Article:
Spotify undoubtedly uses some controversial approaches to remodel the music industry, revolving around the pillars of algorithmic decisions – which remove power from the artists – as well as letting brands “hijack” artists’ music without paying them. This is of course a repeating pattern that can be observed at every disruptive tech company that reaches a certain scale and market dominance. And of course, changing the rules of a game always will lead to opposition. In the end, the main question is: Are the parties involved (from the artists to those in charge of the distribution to the consumers) better off today than 30 years ago? I don’t know if there is any way to objectively assess this.
  • Baby Boomers love Facebook, so let them have it (theoutline, 2)
    Kathryn Jezer-Morton makes a thought-provoking case for intergenerational segregation on social media platforms.
  • History Suggests the Hyperloop Is an Uncertain Promise for Future Cities (singularityhub.com, 2)
    Beyond the impressive technology, how would cities and geographical socio-demographics be affected if Hyperloop becomes implemented on a large scale? An important question.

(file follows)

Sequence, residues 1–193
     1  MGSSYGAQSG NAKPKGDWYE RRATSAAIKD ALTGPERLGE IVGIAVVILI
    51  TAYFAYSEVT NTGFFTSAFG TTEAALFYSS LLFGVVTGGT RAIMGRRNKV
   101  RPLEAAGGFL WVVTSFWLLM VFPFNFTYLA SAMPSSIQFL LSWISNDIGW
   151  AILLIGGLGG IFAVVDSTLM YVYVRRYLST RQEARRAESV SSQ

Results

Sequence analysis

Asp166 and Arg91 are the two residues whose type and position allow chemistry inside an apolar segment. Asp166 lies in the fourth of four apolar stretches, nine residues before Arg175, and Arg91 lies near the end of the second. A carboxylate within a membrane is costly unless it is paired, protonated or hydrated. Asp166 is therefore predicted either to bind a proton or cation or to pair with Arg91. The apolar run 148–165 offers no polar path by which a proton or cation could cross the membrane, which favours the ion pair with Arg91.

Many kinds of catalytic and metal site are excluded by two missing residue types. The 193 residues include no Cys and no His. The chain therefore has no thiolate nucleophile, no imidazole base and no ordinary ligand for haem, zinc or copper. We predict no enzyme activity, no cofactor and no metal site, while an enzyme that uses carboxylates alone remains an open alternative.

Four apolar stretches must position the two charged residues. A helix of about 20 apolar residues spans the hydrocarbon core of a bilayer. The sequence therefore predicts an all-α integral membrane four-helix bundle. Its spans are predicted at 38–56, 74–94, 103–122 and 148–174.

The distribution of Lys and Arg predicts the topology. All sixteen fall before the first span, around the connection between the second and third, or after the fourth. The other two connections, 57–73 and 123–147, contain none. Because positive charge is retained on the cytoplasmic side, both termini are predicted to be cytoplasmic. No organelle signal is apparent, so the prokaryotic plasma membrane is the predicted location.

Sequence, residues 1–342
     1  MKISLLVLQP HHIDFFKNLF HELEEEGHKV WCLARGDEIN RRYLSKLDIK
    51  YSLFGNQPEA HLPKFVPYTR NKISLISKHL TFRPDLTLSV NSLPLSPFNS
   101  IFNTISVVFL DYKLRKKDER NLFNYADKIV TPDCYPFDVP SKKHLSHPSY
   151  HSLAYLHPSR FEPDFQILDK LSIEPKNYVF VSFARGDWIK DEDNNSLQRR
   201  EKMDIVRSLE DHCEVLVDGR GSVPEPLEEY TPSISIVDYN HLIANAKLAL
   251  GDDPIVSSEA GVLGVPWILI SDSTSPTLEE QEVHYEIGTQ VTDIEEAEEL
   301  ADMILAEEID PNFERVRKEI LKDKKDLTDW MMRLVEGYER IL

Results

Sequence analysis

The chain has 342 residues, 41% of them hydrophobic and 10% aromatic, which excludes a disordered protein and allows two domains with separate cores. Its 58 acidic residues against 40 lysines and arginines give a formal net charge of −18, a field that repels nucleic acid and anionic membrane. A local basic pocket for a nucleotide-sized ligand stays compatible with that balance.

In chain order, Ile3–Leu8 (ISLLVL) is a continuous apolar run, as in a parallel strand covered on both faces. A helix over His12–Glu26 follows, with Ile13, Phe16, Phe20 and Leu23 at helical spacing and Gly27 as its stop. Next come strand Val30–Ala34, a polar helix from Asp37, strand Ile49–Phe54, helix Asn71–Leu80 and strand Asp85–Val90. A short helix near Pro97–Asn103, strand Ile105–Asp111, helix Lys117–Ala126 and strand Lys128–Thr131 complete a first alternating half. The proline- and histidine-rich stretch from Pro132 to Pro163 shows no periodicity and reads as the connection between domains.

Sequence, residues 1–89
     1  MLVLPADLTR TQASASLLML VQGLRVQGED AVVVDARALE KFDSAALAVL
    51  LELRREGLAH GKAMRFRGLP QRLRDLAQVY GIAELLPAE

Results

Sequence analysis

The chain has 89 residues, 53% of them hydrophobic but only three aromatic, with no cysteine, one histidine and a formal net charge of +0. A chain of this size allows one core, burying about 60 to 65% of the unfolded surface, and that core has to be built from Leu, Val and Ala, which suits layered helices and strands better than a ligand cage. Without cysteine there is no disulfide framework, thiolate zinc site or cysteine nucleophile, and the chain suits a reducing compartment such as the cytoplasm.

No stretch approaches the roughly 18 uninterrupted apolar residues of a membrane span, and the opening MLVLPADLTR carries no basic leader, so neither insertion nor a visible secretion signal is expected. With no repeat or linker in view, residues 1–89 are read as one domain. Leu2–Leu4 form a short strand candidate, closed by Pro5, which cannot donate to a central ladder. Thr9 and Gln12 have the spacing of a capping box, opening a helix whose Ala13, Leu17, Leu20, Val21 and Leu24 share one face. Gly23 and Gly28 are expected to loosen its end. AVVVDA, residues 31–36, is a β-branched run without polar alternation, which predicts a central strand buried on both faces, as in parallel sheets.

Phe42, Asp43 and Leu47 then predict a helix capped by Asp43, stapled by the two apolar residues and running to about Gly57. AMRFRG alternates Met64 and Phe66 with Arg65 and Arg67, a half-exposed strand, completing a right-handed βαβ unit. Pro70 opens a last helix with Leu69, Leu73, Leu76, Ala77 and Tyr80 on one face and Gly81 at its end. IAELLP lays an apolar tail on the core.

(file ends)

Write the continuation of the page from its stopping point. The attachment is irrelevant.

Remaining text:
• The End to Apple’s Cash Dilemma (aboveavalon.com, 2)
    An incredibly well explained piece on why Apple has so much cash abroad, frequently issues debt in the U.S., and how the planned U.S. tax reform would change all this.
  • A New Era of Retail Is Coming (businessoffashion.com, 2)
    On the rise of “experiential merchants” which, in essence, are media channels. Brands like Nike will not be their vendors but rather their clients.
  • In-Store WiFi Provider Used Starbucks Website to Generate Cryptocurrency Monero (hackread.com, 1)
    Crazy times. I learned from this piece that there is a company called Coinhive which apparently makes crypto mining through one’s website pretty easy. The big question persists: Is this more or less ethical than monetizing a website through ads?
  • Circles Money System Overview (github.com, 3)
    A concept for a blockchain-based basic income. Very exciting.
  • How business schools teach cryptocurrencies (ft.com/no paywall, 2)
    Obviously, cryptocurrencies won’t go away again. So future business and finance leaders need to learn about them.
  • Zug ID: Exploring the First Publicly Verified Blockchain Identity (medium.com, 2)
    Meanwhile, in the Swiss city of Zug, people can get a digital ID based on a Blockchain. Paul Kohlhaas explains how the whole thing works.
  • AI researchers are trying to combat how AI can be used to lie and deceive (qz.com, 2)
    Crucial stuff. It’s probably only a question of months until troublemakers will attempt to use a well-done fake video or audio recording to cause a controversy and to sow mistrust. The tech is pretty much ready and porn already affected.